Alweendo clarifies entitlement remarks

Martin Endjala

The Minister of Mines and Energy, Tom Alweendo says that Namibians must ready themselves if they want to participate in the oil and gas sector. Alweendo was clarifying his remarks of entitlement which he said was misconstrued.

“I was saying, As Namibian companies and entrepreneurs, whether it is going to be in the oil and gas sectors or mineral sectors. Let us not sit back and hope that somebody is going to do it for us. It won’t happen, but it will only happen through hard work. I know what I said has been misconstrued by the media saying Tom Alweendo doesn’t want Namibians to participate. I will repeat. If you are going to participate effectively, you need to prepare yourself,” said Alweendo.

He argued that Namibians cannot sit back and think that the Namibian endeavours are going to make it happen just because they are Namibians.

He stressed that it will never happen and he will continue preaching about it until Namibians are ready.

The minister clarified this during the inauguration of National Power Utility (NamPower), Auas-Gerus 400kV transmission line substation, near Dordabis on 26 April.

This comes after his remarks about local people who wish to participate in the oil and gas industry should not feel entitled to the newly discovered natural resources, during the Namibia International Energy Conference held in Windhoek last week.

“I have a special message for the Namibian entrepreneurs who wish to participate in our nascent oil and gas sector. First and foremost, let us not create any sense of entitlement, an “you owe me” attitude. Entitlement is a belief that I deserve something without making sure that I deserve it. Let us accept personal responsibility for our successes or failures.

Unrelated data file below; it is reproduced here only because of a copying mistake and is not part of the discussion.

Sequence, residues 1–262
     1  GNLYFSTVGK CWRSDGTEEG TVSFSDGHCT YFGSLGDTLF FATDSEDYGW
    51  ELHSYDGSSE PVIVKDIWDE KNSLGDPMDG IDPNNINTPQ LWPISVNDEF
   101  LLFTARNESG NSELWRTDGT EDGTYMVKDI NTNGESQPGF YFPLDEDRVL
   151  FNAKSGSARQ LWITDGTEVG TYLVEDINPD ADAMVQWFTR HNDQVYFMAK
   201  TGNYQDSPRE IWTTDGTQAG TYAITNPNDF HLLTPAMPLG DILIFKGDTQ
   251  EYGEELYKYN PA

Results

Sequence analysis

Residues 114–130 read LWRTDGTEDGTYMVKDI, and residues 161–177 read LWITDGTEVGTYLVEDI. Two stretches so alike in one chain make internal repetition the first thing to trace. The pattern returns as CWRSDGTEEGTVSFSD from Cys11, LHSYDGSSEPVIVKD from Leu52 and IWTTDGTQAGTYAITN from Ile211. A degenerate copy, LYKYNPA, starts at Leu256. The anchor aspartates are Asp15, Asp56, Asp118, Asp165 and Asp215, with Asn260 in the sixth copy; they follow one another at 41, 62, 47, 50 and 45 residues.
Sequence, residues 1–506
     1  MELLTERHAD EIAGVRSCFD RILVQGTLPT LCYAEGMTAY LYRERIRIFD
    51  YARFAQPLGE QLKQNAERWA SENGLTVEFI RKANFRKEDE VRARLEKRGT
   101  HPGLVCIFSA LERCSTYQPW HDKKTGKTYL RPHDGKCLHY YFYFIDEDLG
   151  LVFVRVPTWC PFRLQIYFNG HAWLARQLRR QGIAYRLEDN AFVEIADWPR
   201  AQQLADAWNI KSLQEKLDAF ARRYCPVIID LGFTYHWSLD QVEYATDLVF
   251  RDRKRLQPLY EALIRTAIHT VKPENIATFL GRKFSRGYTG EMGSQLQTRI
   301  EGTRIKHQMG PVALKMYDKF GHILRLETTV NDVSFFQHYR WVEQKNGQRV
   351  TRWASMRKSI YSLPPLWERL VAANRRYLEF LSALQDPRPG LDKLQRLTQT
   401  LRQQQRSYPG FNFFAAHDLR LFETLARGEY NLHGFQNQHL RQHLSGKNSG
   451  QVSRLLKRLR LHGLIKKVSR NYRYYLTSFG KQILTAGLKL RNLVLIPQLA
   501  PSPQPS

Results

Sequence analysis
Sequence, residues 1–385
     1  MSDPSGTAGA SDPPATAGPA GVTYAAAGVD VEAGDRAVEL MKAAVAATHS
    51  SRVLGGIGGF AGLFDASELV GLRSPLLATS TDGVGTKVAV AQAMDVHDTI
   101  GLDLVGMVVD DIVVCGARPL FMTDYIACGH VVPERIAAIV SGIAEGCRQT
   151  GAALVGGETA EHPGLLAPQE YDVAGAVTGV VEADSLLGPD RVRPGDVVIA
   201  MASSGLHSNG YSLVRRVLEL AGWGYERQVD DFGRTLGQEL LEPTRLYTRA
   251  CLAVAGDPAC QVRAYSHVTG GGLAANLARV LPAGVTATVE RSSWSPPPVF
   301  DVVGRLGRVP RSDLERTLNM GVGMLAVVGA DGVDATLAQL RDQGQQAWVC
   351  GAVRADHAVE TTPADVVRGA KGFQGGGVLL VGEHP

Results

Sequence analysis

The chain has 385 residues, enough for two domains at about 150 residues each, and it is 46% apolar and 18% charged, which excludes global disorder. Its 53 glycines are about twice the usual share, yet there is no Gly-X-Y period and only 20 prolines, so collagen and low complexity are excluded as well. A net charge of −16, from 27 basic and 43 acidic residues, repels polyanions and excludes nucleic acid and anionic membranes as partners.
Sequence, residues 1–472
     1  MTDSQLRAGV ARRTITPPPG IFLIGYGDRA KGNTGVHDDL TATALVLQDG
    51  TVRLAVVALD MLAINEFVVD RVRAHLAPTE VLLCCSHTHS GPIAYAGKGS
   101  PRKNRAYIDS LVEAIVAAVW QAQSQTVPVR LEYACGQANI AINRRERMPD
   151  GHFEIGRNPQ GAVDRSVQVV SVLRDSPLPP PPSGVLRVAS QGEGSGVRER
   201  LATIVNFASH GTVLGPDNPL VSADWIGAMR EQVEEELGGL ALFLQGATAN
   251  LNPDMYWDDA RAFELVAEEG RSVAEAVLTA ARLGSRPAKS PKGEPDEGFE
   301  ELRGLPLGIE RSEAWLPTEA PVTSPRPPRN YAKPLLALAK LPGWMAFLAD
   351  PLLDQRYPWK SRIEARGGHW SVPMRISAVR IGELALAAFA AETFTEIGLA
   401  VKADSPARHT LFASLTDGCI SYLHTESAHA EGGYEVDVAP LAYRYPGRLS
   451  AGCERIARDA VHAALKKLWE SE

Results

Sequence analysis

Nobody owes us anything, so do not expect to receive handouts on a silver platter. No one is going to hand you projects and jobs just because you are a Namibian. You need to be ready, collaborate and compete,” he advised.

Alweendo stressed that he acknowledges that oil and gas is a new industry for Namibia; therefore, naturally, it currently lacks the required expertise.

He argued that it should not deter Namibians but embolden them to acquire as much industry knowledge, training, and insight as possible now so they are ready to jump right in.

Alweendo urged entrepreneurs in the sector to be proactive and innovative in how they prepare for the upcoming challenges.

He highlighted the need to develop plans now to speed up production as soon as the discoveries are determined commercially viable. Alweendo further urged oil companies to play their role regarding Namibian local content.

He added that companies will be required to submit to the ministry their annual capacity-building and Namibian content plans.

Lilongeni Unoovene, a renewable energy consultant, has urged the ministry to create an enabling environment for local participation in the oil sector.

“What he is saying is correct. However, knowing how politicians are, let’s see if he allows an enabling environment for local businesses to participate in the oil sector,” said Unoovene.

Unoovene told this publication that the ministry needs to robustly create an avenue for local participation in the sector by amending some of its policies that do not address the local content.

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